The journey towards becoming a large animal vet usually starts off with a Bachelor’s Degree in Animal Science. Technically, a Bachelor’s Degree is not required to gain entry to a veterinary college. But with so much competition, it is extremely difficult to gain admission without first earning a college diploma. A Bachelor’s Degree provides the necessary base of knowledge in the sciences, which will be vital for students throughout their veterinary college education. Veterinary colleges also place a premium on work experience. That means students looking to pursue a large animal veterinary career should obtain some type of experience working with large animals. This could even be done on a volunteer basis.
Regardless of whether a student is going to be a small or large animal vet, the journey through veterinary college takes four years. During that fourth year, students will participate in a clinical rotation. Those students preparing for a career as a large animal vet will complete their rotation treating large animals, while under the direction of a large animal vet. The first three years provide a general knowledge of the subject area while the final year is reserved for clinical experience.
Once all four years are completed at an accredited veterinary college, graduates will be awarded the Doctor of Veterinary Medicine (D.V.M) distinction. In many instances, education continues on through paid internships that provide real-world experience to recent graduates. This is not required, but because of the complexity of the job, it is a popular route for new veterinarians to take.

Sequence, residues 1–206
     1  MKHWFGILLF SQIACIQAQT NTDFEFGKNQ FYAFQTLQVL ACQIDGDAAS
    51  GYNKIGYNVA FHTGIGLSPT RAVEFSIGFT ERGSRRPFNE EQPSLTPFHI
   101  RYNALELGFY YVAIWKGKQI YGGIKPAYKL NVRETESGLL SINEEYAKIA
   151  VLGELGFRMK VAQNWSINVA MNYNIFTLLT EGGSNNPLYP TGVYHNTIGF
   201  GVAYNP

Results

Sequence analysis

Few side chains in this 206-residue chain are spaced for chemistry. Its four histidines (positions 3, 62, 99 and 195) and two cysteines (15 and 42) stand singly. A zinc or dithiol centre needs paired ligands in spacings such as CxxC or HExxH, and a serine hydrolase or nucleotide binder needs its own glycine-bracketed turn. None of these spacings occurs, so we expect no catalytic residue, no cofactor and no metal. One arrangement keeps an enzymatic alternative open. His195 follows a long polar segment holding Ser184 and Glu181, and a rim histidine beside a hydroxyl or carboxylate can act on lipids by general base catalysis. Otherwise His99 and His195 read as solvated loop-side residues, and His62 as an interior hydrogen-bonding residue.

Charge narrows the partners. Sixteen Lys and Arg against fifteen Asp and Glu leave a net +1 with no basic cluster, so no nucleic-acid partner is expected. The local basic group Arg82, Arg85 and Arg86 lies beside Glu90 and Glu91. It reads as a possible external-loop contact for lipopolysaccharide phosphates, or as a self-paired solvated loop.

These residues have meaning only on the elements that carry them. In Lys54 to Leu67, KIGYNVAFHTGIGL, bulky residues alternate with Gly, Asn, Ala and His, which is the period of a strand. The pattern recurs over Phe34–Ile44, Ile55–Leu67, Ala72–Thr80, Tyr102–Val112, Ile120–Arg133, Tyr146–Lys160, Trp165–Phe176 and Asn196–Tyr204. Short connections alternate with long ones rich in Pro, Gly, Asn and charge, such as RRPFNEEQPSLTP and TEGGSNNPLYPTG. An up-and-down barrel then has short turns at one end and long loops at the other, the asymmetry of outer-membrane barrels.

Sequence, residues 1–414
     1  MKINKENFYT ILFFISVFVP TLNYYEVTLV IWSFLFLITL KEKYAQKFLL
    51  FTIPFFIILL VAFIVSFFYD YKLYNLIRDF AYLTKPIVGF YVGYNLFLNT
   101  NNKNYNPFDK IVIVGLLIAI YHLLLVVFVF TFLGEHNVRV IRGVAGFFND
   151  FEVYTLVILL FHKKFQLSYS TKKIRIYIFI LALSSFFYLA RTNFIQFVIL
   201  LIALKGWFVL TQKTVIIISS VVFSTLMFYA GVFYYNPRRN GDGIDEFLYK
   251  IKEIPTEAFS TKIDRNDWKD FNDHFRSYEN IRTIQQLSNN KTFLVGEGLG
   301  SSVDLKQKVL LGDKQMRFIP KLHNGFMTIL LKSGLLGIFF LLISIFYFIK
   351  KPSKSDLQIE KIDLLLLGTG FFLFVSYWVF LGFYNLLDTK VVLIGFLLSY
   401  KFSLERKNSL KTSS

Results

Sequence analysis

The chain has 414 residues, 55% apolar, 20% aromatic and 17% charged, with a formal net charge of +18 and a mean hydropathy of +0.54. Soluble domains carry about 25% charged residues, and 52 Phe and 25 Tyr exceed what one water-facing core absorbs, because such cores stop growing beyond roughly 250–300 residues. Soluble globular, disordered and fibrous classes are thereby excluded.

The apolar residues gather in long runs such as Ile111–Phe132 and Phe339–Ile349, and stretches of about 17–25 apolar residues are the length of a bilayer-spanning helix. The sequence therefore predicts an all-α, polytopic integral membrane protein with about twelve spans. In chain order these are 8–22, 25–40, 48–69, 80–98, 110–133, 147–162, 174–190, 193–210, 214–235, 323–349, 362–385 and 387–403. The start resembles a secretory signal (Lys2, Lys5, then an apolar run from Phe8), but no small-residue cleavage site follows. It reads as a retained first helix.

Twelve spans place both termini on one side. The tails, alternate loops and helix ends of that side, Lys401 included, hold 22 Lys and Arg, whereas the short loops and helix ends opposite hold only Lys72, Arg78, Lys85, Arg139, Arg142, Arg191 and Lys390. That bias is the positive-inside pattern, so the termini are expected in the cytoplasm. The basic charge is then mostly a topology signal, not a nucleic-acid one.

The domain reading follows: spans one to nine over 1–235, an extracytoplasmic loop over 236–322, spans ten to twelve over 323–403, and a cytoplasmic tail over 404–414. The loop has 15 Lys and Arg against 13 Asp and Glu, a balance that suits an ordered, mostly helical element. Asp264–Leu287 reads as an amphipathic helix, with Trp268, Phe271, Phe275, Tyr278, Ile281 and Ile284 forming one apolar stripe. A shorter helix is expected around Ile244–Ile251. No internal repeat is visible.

Large Animal Vet License/Certifications
Obtaining a veterinary license is done by passing an examination issued by a state Veterinary Board. There is no universal exam used by every state, although it is common for states to use the North American Veterinary Licensing Examination, which is an 8-hour exam that features 360 questions. Once that examination is passed, a license can be issued, although some states have other requirements that need to be met. Checking with a state Veterinary Board will provide all the criteria needed for going through the licensing process.
Certifications come with additional training in specialty areas. This training must be completed before a veterinarian can take a specialty examination, which would enable them to become board certified. There are multiple organizations entrusted with the testing procedure that would allow a veterinarian to become board certified. Currently, there are a limited number of board certified large animal veterinarians in the United States. The AVMA reported close to 1,000 specialty large animal veterinarians, and that total includes over 300 board certified surgeons and close to 600 large animal vets qualified to practice internal medicine. Board certifications are not just given out as candidates must complete a three or four year residency program before they are able to take the comprehensive examination. A passing score will then allow them to practice that specialty.
American Association of Equine Practitioners
This association was established for veterinarians who specialize in treating horses and offers a wealth of resources to equine vets.
American Association of Bovine Practitioners
This non-profit organization has more than 6,000 members and is focused on treating animals of the bovine variety.
American Association of Swine Veterinarians
This association emphasis medical treatment of pigs as it relates to public health, preventative treatments and other areas of medicine.
American Society of Animal Science
Large animal vets can expect to find an abundance of resources on this highly informative website.